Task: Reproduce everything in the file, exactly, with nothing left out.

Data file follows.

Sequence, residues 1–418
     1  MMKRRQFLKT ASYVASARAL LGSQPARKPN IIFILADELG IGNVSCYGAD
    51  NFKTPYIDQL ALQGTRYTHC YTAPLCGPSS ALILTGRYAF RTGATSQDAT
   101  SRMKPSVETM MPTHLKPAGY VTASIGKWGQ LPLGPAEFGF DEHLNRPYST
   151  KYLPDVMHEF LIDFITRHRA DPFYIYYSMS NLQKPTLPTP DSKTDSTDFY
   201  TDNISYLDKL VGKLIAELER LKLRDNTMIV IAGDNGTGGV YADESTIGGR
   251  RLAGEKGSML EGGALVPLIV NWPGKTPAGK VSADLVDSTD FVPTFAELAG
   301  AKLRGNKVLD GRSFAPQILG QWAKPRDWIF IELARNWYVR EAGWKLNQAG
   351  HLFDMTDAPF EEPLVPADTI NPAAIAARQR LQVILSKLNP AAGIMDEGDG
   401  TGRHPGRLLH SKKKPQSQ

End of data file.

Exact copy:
Sequence, residues 1–418
     1  MMKRRQFLKT ASYVASARAL LGSQPARKPN IIFILADELG IGNVSCYGAD
    51  NFKTPYIDQL ALQGTRYTHC YTAPLCGPSS ALILTGRYAF RTGATSQDAT
   101  SRMKPSVETM MPTHLKPAGY VTASIGKWGQ LPLGPAEFGF DEHLNRPYST
   151  KYLPDVMHEF LIDFITRHRA DPFYIYYSMS NLQKPTLPTP DSKTDSTDFY
   201  TDNISYLDKL VGKLIAELER LKLRDNTMIV IAGDNGTGGV YADESTIGGR
   251  RLAGEKGSML EGGALVPLIV NWPGKTPAGK VSADLVDSTD FVPTFAELAG
   301  AKLRGNKVLD GRSFAPQILG QWAKPRDWIF IELARNWYVR EAGWKLNQAG
   351  HLFDMTDAPF EEPLVPADTI NPAAIAARQR LQVILSKLNP AAGIMDEGDG
   401  TGRHPGRLLH SKKKPQSQ